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  • England beat Canada for Women's Rugby World Cup

    England managed to break the streak of 3 successive defeats in the final to win the Women's Rugby World Cup with a 21-9 win over Canada in Paris.

    The team led Canada by 5 points inside the final 10 minutes of the match leaving Canada with hope of stealing the win but Emily Scarratt pushed through, sprinted to the corner to make sure of victory.

    Vicky Fleetwood in action

    Vicky Fleetwood starred in the line up that took the 2014 Women's Rugby World Cup for the first time since 1994

    Vicky is one of our stars who wears blazewear heated clothing. For more information on Vicky you can view her profile on the blazewear site here:

    A full match report can be found on the BBC Sport website at

    The full list of Women's Rugby World Cup results can be found here:

  • Pamela Thorburn

    We are very pleased to announce that we will be sponsoring Pamela Thorburn through the next season of Ski Cross.

    Pamela Thorburn

    Pamela Thorburn began skiing in Schladming, Austria at the age of three. Fuelled by the desire to be faster than her older brother, a love of speed was obvious from an early age and her talent saw her win the Scottish Championships aged 9.The following year Pamela qualified for the British children’s team.

    At 16, Pamela Thorburn began racing full-time and soon afterwards she was selected for the Senior British Alpine Ski team. After earning her dues in FIS and Europa Cup events she made the step-up to the World Cup tour in the 2009-2010 season. Having been a fixture of the British Alpine team for the last 9 years, Pamela decided on a change and recently made the switch to Freestyle. The 2011-2012 season was Pam’s first in Ski-X.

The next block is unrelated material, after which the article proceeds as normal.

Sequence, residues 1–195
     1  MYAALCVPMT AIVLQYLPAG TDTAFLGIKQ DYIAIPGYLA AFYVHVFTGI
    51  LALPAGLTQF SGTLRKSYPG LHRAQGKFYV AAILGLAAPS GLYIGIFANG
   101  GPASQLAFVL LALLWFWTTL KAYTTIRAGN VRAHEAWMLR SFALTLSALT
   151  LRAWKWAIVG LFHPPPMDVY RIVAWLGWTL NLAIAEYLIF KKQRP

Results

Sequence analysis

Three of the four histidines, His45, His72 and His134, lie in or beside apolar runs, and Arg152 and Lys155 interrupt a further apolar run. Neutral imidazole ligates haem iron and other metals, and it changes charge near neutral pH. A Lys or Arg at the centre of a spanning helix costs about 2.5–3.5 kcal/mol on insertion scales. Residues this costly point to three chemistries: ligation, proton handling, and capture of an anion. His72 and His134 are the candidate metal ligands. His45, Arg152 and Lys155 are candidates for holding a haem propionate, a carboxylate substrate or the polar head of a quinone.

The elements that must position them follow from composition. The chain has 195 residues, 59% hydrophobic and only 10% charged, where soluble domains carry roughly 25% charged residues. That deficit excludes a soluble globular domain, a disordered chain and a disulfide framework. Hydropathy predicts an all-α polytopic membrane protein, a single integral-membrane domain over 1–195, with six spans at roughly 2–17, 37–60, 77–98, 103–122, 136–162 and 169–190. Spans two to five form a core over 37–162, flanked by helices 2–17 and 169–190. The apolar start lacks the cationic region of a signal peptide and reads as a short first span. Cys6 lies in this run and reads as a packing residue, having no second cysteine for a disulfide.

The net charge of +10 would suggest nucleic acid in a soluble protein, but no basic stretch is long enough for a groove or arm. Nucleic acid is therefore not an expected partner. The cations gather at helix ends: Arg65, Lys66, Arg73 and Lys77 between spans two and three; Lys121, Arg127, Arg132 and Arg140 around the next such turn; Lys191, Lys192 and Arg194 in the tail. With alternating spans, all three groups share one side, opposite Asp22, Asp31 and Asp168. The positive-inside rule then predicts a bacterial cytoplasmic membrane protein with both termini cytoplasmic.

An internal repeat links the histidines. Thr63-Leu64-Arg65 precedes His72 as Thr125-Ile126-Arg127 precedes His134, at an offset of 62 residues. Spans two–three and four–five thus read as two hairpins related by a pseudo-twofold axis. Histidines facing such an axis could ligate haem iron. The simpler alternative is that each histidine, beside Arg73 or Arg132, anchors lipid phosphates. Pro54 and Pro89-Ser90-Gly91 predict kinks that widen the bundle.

Ski cross is based on the snowboarding discipline of boardercross. It is a timed event but is often regarded as a part of freestyle skiing because it incorporates terrain features traditionally found in freestyle.

    The qualification for the event is based on a time trial where every competitor skis down the course which is built to encompass the natural terrain and artificial elements such as rollers, banks or jumps.

    Once the time trial is completed the top 32 (or top 16 if not 32) competitors compete in a knock out series of rounds in groups of four. This means four skiers race against each other at the same time and the first two who cross the line go on to the next round.